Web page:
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Unemployment in the European Union has hit some unfortunate milestones. The rate is at a record high in the whole euro zone, as well as in such member countries as France, Spain, Portugal and Greece. It's easy, and fair, to blame the recession, but deep-seated labour market rigidities are culprits too.
The slow economy certainly hurts the job market, as companies with neither liquidity nor customers don't hire. The end of construction bubbles cuts out employment. But there's more than missing GDP behind the high unemployment rates in peripheral countries – on average about twice the rate for the euro zone.
Sticky labour markets are also responsible. Thanks to powerful trade unions, rigid hiring-and-firing laws and closed professions, it is often very difficult to employ new workers. Insiders, the already employed, have been treated favourably, leaving outsiders, often temporary contractors, vulnerable to job losses.
A mismatch between education and work has also been damaging. The skills gained in education are often irrelevant to those required by businesses, making it harder for academically qualified entrants to find employment. The combination of a skills mismatch and an insider-outsider divide help explain why the youth unemployment rate is about double the general one. The youth rate is an almost incomprehensible 64 per cent in Greece.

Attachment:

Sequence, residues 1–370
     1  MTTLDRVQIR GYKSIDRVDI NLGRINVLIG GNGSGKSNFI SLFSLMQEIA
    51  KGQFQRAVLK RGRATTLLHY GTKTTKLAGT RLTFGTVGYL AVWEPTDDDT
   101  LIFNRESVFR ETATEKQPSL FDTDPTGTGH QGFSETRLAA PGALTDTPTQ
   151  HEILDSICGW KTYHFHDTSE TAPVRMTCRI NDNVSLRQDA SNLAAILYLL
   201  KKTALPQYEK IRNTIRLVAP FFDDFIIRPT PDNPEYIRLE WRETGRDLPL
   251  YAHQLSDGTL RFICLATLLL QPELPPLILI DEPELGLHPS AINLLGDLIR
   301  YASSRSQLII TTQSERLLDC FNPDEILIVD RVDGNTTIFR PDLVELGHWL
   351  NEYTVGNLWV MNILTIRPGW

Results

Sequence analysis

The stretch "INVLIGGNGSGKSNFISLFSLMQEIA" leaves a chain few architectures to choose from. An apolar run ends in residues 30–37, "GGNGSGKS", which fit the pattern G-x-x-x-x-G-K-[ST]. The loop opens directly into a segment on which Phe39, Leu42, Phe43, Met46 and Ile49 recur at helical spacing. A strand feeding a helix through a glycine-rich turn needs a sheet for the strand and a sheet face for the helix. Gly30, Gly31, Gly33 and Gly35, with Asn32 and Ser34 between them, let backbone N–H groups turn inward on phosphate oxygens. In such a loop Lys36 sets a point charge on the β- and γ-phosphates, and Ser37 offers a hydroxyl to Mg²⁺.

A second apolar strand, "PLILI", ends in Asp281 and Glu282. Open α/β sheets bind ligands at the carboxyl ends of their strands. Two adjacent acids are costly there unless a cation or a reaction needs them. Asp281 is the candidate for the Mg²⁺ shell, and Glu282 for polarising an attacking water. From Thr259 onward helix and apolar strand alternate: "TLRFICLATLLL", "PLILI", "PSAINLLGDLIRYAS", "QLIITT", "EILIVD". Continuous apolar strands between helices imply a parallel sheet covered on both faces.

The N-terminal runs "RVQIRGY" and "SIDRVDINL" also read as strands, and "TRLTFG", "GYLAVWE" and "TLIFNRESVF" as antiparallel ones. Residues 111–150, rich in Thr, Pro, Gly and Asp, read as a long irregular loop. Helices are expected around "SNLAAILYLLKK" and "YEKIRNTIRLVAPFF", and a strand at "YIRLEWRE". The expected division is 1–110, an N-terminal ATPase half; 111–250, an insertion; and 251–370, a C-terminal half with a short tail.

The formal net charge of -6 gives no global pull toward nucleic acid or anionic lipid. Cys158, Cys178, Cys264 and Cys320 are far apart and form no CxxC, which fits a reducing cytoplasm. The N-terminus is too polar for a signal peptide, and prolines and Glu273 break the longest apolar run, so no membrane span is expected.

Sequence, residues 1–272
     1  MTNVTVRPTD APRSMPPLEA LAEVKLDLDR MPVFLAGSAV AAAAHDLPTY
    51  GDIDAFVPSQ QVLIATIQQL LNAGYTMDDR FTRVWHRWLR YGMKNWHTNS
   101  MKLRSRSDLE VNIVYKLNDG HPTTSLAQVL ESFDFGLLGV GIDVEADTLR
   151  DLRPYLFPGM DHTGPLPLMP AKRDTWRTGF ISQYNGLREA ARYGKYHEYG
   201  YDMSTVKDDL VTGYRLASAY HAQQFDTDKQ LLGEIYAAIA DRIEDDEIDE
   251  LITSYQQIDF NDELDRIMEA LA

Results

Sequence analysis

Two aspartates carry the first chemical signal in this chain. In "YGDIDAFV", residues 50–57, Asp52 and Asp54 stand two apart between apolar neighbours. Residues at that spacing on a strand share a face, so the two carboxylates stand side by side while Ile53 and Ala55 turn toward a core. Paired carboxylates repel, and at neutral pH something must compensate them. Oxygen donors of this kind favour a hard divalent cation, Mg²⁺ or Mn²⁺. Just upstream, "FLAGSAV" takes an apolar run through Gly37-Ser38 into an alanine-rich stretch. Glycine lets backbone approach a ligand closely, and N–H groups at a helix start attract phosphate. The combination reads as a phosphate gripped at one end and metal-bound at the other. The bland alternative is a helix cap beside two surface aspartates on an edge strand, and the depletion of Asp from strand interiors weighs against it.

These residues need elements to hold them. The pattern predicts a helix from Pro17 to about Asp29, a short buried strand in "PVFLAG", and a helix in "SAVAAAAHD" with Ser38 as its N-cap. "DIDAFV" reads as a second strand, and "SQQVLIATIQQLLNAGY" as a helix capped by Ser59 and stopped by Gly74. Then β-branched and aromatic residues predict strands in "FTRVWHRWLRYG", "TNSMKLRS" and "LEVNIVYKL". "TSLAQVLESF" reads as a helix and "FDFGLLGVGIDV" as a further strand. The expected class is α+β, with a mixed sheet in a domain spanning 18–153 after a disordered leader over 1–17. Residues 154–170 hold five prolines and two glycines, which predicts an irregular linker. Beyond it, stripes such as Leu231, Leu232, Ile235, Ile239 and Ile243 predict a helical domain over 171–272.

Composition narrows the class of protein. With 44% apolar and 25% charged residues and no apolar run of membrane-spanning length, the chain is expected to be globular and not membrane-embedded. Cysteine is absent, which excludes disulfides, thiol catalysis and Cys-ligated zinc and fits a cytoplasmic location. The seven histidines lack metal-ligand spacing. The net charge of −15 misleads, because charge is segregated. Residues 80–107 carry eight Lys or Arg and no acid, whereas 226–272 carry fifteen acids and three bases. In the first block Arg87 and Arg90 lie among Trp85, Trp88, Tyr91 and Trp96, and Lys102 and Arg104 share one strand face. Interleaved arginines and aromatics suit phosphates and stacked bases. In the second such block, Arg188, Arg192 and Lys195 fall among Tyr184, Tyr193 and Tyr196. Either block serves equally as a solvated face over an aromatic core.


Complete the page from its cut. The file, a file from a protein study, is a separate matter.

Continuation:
Why worry? High levels of prolonged joblessness are costly. Workers miss out on skills, training and regular career development. Most of them usually rebound fully, eventually finding a career path. But some remain stuck in a low-pay-no-pay cycle, re-entering the market with weaker jobs and facing a lower lifetime income. The longer time people spend out of work, the more likely they will end up in the losing group.
The costs for the economy are also significant. In the short term, governments spend more money on benefits and collect fewer taxes. In the long term, more workers will be undertrained and less productive. Troubled countries face a brain drain, as the talented leave for better opportunities elsewhere. Germany, where youth unemployment is 7.6 per cent, is attracting many of the best and the brightest. What's more, unemployment can deepen social inequalities, as groups such as the young, women and the low-skilled are usually hit the worst.
What can be done? While GDP growth will help create jobs, it won't do anything for insider-outsider problems and other sorts of structural unemployment. Genuine labour market reform is crucial. Most countries have already started down this long road, but much remains to be done.
The main obstacles to job creation are the economic slowdown and a resistance to reform. Growth, though slow, will come as economies exit the recession. Reforms are ultimately more important, and they are too often stymied by insiders. Such short-sightedness is unacceptable when dealing with the crippling problem of unemployment.